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How we talk ourselves out of saying no

…even when we really need to!

When you’re really used to saying yes to everything, it can be hard to say no… even one time!

Has this ever happened to you?

You’ve been considering a request. You’ve been back and forth, back and forth in your mind. Maybe you want to say no, but the person keeps bugging you about it. Or maybe you’re just tired of thinking about it. Ultimately, you’re so sick of the whole thing that you give in to doing whatever it is.

Why is it so tough to say no?

There are many reasons why it can be tough to say no.

Saying yes may be your automatic response to a request, particularly if you’re a people pleaser, empath or helper. Old habits die hard.

Another reason why it’s hard to say no is actually our own thoughts! Weird as it sounds, we allow our thoughts to talk us out of saying no, over and over again.

In this post, we’ll review some tricky thoughts that are getting in your way of saying no. We’ll also look at how to talk back to those thoughts!

Tricky Thought #1: “They have no one else.”

There has to be someone else. A family member, a friend, a neighbor…

What did this person do before you were in their life? Surely they were able to resolve things another way.

If you’ve always been in this person’s life – say, you’re their mom – the best thing for this person may very well be to help themselves.

Even if they won’t be able to complete what they’re asking for help with as easily as you can. It’s important to allow people a chance to find out what they’re capable of.

Tricky Thought #2: “No one else can help them as well as I can.”

This is a tricky thought, indeed! It not only talks us out of saying “no,” it also boosts our ego in the process.

It’s nice feeling like we’re the best at something. It makes us feel special.

No one can help this person the way I can.

You may or may not be right about that, but it’s besides the point. The point is, the person in question can and will survive sub-par help for an afternoon, a day, a weekend…

Life is not perfect, and no one should expect to be helped ‘perfectly’ 24/7. I bet even you can’t make that happen. After all, you are a human being, not a robot!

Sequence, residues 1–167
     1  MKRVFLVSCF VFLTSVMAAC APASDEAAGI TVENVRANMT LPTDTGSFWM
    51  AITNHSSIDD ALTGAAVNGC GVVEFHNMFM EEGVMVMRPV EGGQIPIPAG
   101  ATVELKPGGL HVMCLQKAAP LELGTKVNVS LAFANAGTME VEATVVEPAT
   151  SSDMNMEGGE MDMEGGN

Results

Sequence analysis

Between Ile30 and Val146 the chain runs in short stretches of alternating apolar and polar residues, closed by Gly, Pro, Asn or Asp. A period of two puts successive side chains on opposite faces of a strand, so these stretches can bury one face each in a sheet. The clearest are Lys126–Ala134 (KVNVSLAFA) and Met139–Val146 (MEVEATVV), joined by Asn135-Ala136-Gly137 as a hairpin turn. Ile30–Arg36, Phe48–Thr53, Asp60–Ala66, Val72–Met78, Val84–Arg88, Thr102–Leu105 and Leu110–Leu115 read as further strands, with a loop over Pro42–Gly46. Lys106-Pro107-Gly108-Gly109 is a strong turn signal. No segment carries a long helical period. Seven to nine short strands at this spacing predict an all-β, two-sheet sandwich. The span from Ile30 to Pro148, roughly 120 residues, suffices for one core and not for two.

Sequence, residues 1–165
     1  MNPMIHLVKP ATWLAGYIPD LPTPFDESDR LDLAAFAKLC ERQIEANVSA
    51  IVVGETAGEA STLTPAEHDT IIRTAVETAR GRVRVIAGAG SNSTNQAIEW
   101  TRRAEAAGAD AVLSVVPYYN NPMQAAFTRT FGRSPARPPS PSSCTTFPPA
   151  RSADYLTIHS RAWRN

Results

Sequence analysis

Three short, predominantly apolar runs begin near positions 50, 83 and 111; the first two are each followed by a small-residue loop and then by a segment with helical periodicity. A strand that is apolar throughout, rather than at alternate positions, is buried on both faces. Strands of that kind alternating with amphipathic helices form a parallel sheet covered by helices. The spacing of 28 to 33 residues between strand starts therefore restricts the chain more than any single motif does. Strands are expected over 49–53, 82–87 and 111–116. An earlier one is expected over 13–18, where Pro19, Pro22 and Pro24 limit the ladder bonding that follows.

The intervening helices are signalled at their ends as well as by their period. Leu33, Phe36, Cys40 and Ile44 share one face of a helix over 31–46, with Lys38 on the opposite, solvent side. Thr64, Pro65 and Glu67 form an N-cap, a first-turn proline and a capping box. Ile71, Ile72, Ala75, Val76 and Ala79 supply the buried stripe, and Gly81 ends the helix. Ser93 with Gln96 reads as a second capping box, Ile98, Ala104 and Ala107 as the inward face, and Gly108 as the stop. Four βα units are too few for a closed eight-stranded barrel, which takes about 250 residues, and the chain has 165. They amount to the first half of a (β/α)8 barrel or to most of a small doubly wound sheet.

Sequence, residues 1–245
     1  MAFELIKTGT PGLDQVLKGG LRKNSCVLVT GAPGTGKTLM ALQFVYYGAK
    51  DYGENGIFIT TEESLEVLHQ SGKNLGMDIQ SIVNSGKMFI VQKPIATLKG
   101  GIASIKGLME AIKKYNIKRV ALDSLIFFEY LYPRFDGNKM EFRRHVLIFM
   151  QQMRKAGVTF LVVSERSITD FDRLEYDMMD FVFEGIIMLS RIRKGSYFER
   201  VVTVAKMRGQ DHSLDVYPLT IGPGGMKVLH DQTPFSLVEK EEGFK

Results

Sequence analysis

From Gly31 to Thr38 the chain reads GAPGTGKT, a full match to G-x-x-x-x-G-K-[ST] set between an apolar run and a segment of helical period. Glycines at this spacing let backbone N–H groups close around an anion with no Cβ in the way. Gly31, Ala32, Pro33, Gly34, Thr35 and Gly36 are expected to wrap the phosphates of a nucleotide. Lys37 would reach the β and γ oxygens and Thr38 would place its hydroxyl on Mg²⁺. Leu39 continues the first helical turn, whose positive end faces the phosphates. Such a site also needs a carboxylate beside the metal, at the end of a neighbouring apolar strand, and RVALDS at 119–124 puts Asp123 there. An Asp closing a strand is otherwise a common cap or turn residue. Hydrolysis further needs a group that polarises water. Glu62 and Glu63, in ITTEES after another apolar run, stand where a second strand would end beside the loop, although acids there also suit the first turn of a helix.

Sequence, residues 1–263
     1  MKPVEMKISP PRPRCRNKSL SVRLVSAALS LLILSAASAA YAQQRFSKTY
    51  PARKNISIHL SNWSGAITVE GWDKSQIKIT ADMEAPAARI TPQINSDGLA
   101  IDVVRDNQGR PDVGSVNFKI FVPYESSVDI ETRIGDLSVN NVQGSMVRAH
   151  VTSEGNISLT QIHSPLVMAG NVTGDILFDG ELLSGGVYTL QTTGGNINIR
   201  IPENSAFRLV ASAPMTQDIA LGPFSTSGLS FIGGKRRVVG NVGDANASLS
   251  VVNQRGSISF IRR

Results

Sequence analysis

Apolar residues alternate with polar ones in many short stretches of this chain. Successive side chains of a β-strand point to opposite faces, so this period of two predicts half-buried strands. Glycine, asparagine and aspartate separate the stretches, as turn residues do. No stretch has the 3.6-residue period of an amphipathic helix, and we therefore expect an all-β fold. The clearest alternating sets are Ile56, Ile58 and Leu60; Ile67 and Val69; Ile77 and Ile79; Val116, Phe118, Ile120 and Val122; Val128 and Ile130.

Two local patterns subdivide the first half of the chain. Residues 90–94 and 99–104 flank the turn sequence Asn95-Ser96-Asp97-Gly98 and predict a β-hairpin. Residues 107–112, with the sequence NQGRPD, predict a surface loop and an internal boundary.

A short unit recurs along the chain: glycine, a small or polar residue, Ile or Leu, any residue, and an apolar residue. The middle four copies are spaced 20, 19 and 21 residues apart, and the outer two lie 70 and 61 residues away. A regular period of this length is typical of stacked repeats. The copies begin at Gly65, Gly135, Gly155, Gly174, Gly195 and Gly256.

Tricky Thought #3: “I don’t have a good reason to say no.”

I always assumed that if someone asked me to do something, and I was free at that time, that in order to stay aligned with my view of myself as a kind person, I had to do the thing.

IN. CORR. ECT.

You can absolutely say no to something, even if you have nothing else planned.

Needing time to take care of yourself or run errands is a good enough reason. For that matter, not wanting to do it is a good enough reason!

Tricky Thought #4: “If I say no, they won’t like me.”

If the only reason that people like you is because you do things for them, that’s a red flag.

A true friend, or a healthy family member, might be disappointed if you say no to something. You will disappoint people sometimes in life; it’s unavoidable. But they’ll still like you.

Trust that people appreciate you for who you are. You don’t have to ‘earn’ their friendship with help or kind acts.

What if the person making the request is my boss?

You should be able to say no to authority figures, too. Especially if they’re asking you to do something unreasonable, unethical, or that isn’t part of your job description.

If you don’t feel like you can say no to your boss without being punished or fired, that is really tough. For many people in the U.S. that is the case, particularly people of color and other marginalized folks.

Is doing what you’re asked worth losing your job over? If it violates your personal values, it might be. But I also know that it can be difficult to find another job, and you may need income to survive.

Only you can decide what is best for you.

If this blog post helped you, please scroll down and press the “like” button.

Have you said no to something recently? And if so, how did it go? I’d love to hear about it in the comments below.

Yours in nay-saying,

Rebecca

Rebecca Ogle is a licensed therapist who practices teletherapy in Illinois. Rebecca empowers therapy clients to cope with anxiety, depression, self-esteem, and burnout using their natural strengths and inner wisdom. 

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